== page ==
When reading primary sources, keep in mind all these authors are writing because they feel some sense of crisis so your first step should be to identify this crisis; second, identify the author’s concepts and categories and their relation to each other. (In the interpretation of historical sources, it is rare that an argument that depends solely on factual details). Reading for categories is difficult because the author may not always explicitly announce them—or may even consciously hide them.
Interpret the source as evidence in an argument about what happened in the past. History is imagination disciplined by evidence and cogent explication. Historians want to know not only what happened, but how and, if possible, why.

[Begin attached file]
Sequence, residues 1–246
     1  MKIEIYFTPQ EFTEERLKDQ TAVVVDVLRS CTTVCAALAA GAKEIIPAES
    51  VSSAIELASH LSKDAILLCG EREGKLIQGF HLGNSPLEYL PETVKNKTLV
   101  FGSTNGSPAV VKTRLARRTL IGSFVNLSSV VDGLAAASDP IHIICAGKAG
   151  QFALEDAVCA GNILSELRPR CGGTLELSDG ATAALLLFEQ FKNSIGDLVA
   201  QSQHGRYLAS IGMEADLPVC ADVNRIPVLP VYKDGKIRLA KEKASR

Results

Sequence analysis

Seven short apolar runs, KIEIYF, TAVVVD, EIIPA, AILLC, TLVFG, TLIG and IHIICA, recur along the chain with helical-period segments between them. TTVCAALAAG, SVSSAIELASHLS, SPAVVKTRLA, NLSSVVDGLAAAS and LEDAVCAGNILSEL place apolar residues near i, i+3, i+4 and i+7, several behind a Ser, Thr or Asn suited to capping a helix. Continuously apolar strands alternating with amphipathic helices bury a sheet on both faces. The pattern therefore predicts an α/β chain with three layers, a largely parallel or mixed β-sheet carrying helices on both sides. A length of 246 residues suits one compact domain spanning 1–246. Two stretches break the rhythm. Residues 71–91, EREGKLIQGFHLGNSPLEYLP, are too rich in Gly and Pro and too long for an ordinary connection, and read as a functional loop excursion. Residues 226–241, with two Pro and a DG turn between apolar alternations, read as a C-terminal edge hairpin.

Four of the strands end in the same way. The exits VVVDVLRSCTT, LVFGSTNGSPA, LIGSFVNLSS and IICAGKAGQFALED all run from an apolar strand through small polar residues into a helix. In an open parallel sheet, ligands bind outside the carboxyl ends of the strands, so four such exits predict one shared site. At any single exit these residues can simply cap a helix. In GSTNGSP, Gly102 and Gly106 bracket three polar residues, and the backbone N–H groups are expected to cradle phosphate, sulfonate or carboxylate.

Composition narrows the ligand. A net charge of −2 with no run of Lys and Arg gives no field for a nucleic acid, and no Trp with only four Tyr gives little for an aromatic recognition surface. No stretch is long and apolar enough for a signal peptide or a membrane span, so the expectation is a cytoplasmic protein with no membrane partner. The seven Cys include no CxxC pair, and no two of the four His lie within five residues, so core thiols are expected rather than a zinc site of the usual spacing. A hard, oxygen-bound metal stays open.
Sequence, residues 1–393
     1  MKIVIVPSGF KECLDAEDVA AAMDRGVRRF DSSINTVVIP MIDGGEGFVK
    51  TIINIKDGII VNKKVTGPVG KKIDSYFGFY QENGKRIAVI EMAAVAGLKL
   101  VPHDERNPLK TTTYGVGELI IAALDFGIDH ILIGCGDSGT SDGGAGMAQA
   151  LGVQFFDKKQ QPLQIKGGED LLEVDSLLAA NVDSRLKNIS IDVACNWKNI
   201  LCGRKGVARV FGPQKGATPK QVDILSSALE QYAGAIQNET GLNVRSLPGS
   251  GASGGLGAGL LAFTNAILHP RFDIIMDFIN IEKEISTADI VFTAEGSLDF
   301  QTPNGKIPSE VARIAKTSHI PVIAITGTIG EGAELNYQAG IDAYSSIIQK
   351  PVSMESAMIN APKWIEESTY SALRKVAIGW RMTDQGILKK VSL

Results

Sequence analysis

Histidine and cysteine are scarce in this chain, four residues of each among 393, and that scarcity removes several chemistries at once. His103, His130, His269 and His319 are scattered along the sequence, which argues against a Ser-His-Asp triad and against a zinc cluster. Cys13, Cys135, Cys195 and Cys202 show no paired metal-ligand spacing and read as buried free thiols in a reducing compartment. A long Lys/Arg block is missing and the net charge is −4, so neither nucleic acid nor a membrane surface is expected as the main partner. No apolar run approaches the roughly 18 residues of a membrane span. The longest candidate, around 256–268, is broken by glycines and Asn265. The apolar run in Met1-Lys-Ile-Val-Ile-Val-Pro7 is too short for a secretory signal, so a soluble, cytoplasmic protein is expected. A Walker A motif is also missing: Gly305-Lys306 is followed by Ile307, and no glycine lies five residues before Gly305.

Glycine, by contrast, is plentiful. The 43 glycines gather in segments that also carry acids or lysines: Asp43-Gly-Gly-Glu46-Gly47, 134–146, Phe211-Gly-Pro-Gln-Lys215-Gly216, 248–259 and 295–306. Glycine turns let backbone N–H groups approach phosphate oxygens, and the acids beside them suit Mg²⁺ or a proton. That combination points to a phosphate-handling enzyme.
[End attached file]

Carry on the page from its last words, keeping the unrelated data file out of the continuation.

Analyze the source on its own terms. This means avoiding anachronism, projecting our present into the past, and teleology, which means seeing the present as the inevitable result of the past—this slights real historical struggles and reduces past actors to merely “keeping appointments.” Every human society, past and present, has its own values and ways of thinking—often different from our own.
Our case is further complicated by studying non-Western nations, where it is often inappropriate to project our “common sense” onto the motivations of the historical actors. When Oshio Heihachirô rebelled in 1837, his banners did not read “Life, Liberty, and the Pursuit of Happiness” but rather, “Sincerity—Truthfulness.” You must learn to read analytically to identify these terms and then determine what those terms meant to him, not you. (This is a historically specific definition. It is also the reason dictionary definitions will be useless.)